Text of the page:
Sometimes when reviewing a game, you can get a feel for how that score will hash out by the time the credits roll, mere moments into playing it –
Theatrhythm: Final Bar Line was one of those games. You don’t need to be a Final Fantasy fanatic to enjoy Theatrhythm – in fact, I’d played Curtain Call on my 3DS before I’d even touched a mainline Final Fantasy, back in the day – but more so than ever, there’s an underlying energy that this franchise brings to the forefront with its reverence for the music and history of Square’s iconic RPGs.
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Realistically, Final Bar Line isn’t all that different from how the series played and looked on the 3DS. What is remarkable about it, however, is the sheer variety of music represented in the game. Final Bar Line’s standard edition brings nearly 400 songs from across the Final Fantasy series’ history to the forefront of the action, with an additional 27 songs locked to the Digital Deluxe Edition, and then more to come with season passes for other Square Enix franchises in the weeks following launch. While you could nitpick about a favorite song from your favorite Final Fantasy not making the cut, considering the sheer breadth of the music on offer it’s hard to not feel at least a little bit silly when doing so.
Taking off my Final Fantasy cap for a second, and setting it aside, I feel I should draw special attention to the actual rhythm game mechanics that Final Bar Line brings to the table.
Notably, the game is based on the arcade-only Theatrhythm: All-Star Carnival, with some minor tweaks to note maps here and there. Swipe holds, where you would hold down a direction for the duration of a hold note have been removed, for one, though any reason why that was decided is a little puzzling, with songs edited to account for the removal of the input. This does mean that even players familiar with the arcade release like myself have plenty new to experience with the game, as it’s not merely a carbon copy of the title we’ve been able to play for years now.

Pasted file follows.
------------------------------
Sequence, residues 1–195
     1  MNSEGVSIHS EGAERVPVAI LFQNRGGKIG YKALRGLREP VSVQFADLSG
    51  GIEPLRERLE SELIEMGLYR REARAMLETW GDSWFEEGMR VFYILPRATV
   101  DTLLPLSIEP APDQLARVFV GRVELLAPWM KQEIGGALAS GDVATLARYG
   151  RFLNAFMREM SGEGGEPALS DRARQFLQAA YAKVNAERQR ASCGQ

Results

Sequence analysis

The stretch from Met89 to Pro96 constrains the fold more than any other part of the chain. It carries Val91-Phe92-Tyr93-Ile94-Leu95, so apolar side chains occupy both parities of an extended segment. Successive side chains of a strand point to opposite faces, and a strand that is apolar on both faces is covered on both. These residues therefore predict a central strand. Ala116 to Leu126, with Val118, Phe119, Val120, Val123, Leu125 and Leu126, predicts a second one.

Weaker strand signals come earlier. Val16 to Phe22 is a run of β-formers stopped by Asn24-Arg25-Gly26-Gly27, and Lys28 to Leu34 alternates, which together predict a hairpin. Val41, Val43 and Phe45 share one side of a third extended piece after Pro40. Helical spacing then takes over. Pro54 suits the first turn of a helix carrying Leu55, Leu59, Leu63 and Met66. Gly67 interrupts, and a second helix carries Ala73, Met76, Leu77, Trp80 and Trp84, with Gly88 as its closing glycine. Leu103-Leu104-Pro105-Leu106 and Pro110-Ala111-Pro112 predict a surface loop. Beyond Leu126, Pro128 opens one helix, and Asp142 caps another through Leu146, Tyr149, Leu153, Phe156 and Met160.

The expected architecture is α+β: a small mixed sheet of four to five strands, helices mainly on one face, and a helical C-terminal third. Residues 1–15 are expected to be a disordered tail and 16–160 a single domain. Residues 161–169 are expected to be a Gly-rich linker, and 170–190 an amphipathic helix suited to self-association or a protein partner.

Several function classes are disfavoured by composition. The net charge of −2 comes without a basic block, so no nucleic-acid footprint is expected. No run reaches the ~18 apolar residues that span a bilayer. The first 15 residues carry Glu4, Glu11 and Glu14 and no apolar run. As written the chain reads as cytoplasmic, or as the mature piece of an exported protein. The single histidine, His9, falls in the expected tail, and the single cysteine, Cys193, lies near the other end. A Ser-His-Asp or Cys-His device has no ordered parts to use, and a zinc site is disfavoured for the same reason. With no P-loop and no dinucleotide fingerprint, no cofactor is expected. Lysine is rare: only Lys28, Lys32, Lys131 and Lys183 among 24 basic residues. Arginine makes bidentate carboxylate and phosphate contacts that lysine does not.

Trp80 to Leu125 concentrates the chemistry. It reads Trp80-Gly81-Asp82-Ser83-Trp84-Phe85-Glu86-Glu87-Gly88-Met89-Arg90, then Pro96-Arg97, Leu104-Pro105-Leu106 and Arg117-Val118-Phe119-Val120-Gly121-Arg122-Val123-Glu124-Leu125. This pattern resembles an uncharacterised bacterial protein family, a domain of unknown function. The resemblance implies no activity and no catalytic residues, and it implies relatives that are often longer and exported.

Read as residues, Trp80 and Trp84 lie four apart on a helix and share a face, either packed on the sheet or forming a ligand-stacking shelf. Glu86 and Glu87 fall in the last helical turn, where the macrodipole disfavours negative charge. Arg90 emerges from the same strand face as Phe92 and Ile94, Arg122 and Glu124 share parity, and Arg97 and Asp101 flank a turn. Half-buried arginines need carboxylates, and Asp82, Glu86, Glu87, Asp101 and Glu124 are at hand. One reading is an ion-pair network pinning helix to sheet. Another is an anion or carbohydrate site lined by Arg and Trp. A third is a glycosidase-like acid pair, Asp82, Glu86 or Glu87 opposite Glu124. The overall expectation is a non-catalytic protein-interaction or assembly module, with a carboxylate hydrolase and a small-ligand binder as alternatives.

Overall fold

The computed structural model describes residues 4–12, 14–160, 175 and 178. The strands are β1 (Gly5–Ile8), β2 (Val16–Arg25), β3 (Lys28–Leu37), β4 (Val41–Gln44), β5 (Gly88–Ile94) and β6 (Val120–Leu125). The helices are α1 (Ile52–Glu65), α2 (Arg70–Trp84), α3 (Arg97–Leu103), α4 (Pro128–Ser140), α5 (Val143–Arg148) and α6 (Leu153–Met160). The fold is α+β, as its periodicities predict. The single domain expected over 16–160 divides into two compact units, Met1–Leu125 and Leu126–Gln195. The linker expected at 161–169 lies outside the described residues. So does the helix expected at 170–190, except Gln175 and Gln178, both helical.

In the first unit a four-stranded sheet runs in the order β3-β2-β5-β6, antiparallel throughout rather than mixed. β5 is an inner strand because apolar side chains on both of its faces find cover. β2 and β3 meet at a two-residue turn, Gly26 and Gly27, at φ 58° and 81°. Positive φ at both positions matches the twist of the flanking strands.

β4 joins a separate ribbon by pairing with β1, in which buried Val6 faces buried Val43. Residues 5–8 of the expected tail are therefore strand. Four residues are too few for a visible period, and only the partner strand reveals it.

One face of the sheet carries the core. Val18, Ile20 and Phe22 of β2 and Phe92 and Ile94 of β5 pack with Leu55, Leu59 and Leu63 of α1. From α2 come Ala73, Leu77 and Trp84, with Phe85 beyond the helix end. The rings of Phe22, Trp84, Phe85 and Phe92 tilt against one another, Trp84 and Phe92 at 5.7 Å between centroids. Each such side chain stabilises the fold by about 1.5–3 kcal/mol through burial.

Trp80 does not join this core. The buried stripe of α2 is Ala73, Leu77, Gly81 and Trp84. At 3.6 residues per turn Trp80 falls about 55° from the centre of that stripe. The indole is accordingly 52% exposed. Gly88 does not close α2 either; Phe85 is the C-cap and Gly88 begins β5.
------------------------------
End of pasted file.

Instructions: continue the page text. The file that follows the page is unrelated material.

Unlocking songs to be played can be accomplished two ways; every Final Fantasy has its own “Series Quest” which has players playing through an abridged retelling of that game’s journey through its music. Sometimes there are multiple options for you to proceed through a game’s quest; for example, mirroring the new player experience in Final Fantasy XIV, the first quest in that game’s catalog offers 3 options, representing the 3 different city-states that you can begin your journey in Eorzea in. Completing a game’s series will unlock all of the songs associated with it for play. Otherwise, playing a song for the first time will also unlock it for use; while you’ll normally do this organically through Series Quests when doing Free Play the game will give you several recommendations of which songs to play next, which can and will include songs that you might not have unlocked yet.